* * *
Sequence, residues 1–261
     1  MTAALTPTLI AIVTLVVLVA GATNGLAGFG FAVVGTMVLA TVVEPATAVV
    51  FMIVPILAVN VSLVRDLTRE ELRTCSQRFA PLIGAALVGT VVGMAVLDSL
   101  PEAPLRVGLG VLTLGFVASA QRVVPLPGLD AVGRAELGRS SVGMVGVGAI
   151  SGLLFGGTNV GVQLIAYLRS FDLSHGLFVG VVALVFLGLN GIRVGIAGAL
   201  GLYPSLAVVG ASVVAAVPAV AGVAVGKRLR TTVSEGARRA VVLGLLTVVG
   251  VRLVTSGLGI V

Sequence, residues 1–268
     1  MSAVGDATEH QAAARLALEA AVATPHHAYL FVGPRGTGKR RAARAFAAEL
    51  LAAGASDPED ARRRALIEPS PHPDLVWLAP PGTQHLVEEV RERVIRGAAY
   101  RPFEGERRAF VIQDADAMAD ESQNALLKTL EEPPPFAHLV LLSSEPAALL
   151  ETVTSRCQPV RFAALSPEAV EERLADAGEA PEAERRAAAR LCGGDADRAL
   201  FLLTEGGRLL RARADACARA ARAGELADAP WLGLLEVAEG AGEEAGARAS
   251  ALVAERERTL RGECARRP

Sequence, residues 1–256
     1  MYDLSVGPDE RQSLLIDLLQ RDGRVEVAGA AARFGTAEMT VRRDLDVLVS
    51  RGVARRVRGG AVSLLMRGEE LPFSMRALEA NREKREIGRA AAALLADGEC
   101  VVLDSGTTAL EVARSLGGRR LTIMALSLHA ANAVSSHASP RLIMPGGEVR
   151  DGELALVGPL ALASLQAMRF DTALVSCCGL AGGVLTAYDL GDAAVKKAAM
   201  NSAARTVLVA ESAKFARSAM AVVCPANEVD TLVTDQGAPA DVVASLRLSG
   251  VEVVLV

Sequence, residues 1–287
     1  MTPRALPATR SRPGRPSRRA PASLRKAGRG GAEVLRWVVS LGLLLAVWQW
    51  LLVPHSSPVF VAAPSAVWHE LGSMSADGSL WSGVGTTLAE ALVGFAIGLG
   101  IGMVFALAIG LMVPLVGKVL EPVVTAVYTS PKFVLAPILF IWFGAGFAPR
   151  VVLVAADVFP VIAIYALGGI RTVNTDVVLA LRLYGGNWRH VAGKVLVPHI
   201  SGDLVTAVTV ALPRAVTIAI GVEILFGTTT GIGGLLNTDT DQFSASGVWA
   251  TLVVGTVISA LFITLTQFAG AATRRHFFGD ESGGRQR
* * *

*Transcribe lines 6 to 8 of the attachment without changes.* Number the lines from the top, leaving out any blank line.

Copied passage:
   201  GLYPSLAVVG ASVVAAVPAV AGVAVGKRLR TTVSEGARRA VVLGLLTVVG
   251  VRLVTSGLGI V

Sequence, residues 1–268